Suppose I say to Bill: "Make all of your papers be between two and four pages." Bill hands in an eight page paper for his first assignment. I rebuke him and he apologizes. He then hands in another eight page paper for his second. When I rebuke him, he says: "You told me to bring it about that all my papers be between two and four pages. With my first paper I ensured that the proposition that all my papers are between two and four pages is false. Sorry! By the time of my second paper, it was too late to undo this: no matter what length of paper I wrote, that proposition would still be false. So I might as well write the length that I like."
Bill's mistake was thinking that the content of my command was the proposition that all his papers be between two and four pages. I didn't command that proposition. Rather, I commanded distributively of each of his papers that it be between two and four pages.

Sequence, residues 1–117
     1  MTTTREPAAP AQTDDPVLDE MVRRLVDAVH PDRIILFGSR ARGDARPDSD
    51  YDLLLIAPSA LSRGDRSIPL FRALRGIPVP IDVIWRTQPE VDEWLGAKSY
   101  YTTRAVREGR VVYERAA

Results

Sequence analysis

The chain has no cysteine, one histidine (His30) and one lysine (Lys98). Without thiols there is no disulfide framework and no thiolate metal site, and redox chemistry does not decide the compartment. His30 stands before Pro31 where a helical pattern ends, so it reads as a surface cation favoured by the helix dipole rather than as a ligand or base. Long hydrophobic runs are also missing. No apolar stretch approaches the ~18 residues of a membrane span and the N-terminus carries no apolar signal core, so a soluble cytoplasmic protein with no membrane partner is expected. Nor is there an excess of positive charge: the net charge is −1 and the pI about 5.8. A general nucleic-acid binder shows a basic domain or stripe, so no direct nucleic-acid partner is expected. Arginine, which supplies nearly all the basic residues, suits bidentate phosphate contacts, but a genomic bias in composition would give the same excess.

This means that we should not analyze my speech act as having a propositional content plus an illocutionary force. The content of the speech act wasn't a proposition, but something else. Perhaps the content of the speech act was an ordered pair of properties, the property P of being one of Bill's papers, and the property L of being between two and four pages in length. And the illocutionary force was of something one might call distributive command. Successful distributive command in respect of a pair of properties P and L creates for each instance x of P a reason to make x have L.
There are, I think, assertion-like speech acts that also have such a non-propositional content. For instance, assertoric endorsement. A paradigm case: I endorse what you are about to assert. The content of assertoric endorsement is a property which is supposed to be had by one or more propositions—say, the property of being soon asserted by you—and when successful, the assertoric endorsement makes you stand behind each of these propositions as if you asserted it. This kind of assertoric endorsement is distributive.
I wish I knew what kinds of entities can be contents of speech acts. The above suggests that some speech acts have propositions as contents, some have pairs of properties, some have single properties. There must be many other options.